Apple Is Finally Ready to Settle a Years-Old Lawsuit From Developers

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As a result of a class-action lawsuit from US app developers, Apple has announced a slew of changes to the App Store as part of a proposed settlement agreement. US developers filed litigation against the tech giant back in 2019 to break the tech giant’s “improper monopolization” of iOS apps.

Pending approval from the court, Apple will payout $100 million and also clarify several of its app store policies. Most notably, it will allow developers to reach out to customers (with permission from the user) to collect information inside their apps, allowing them to email about alternative payment options available outside the App Store.

Developers on the App Store could previously communicate with customers outside of their apps and even collect payments outside of their apps (e.g. renewing a Netflix subscription on the official Netflix website). But prior to this proposed settlement, developers were not allowed to communicate with iOS customers about other payment options available outside of the App Store.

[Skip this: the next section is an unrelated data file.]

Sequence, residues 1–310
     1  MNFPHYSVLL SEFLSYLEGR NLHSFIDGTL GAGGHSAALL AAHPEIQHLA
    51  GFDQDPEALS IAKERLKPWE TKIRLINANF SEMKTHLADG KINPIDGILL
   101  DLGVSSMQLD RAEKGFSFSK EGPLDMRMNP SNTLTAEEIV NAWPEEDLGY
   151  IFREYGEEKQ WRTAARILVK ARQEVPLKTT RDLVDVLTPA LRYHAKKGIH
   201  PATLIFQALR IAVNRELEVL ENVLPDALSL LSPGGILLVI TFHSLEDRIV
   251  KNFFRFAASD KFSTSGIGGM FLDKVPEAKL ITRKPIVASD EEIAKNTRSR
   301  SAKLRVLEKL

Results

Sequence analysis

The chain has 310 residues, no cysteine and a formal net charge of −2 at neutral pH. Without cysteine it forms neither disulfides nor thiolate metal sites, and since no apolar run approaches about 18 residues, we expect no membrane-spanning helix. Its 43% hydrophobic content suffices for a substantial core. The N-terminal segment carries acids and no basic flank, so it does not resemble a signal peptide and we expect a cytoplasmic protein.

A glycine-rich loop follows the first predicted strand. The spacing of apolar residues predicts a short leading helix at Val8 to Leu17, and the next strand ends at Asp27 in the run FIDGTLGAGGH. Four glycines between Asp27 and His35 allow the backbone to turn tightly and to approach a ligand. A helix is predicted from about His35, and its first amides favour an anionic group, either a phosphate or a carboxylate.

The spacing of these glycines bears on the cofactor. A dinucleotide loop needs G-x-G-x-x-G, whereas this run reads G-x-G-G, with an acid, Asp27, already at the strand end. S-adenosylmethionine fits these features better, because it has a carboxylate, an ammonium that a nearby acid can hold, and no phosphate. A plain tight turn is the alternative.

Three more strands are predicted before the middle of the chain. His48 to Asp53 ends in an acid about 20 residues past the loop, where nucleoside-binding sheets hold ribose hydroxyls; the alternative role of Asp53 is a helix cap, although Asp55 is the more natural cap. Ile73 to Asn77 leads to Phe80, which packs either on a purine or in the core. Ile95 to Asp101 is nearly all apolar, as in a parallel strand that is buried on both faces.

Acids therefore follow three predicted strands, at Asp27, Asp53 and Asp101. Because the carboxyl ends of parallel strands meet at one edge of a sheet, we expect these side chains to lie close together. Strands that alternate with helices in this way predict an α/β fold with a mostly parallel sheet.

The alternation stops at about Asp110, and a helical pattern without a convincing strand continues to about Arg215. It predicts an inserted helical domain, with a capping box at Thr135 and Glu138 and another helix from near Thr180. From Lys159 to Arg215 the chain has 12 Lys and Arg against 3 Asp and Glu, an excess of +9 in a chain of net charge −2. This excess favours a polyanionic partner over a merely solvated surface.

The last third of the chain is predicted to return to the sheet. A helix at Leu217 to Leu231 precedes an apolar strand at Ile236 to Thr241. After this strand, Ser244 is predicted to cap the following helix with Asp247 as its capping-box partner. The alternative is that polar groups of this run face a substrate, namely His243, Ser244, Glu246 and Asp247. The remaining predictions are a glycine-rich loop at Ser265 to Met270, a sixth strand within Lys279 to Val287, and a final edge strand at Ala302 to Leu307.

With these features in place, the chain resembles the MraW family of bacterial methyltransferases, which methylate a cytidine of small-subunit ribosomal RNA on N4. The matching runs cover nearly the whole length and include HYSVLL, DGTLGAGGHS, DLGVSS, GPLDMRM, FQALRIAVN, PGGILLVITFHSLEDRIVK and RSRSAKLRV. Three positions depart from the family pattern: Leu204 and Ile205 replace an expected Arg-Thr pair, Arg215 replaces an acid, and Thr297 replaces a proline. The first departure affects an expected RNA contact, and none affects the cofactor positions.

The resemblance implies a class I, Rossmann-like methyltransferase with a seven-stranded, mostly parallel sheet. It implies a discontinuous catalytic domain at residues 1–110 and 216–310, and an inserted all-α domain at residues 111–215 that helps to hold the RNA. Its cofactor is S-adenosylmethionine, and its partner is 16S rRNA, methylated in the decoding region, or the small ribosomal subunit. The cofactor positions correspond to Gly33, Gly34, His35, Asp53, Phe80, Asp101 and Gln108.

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However, the potential changes to the app store would still not allow developers to inform iOS users about alternative payment options from within the app itself so that developers could bypass the “app store tax,” a 30 percent cut Apple receives from the in-app payment system. Apple’s in-app payment cut has been the subject of a different lawsuit filed by Epic Games last year, which a federal judge is currently reviewing after the case was argued in May.

Another concession Apple will make should the proposed agreement get approved for the case Cameron et al. v. Apple Inc, is that the iPhone maker will create a Small Developer Assistance Fund. It will payout $100 million, divided among small developers who make $1 million or less, with payouts varying depending on how many people submit and are approved for their claim. The remaining funds will be donated to the nonprofit Girls Who Code. The website is up, but it is not fully operational, likely due to the settlement pending approval from a judge.

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Taylor is the Associate Tech Editor at IGN. You can follow her on Twitter @TayNixster.

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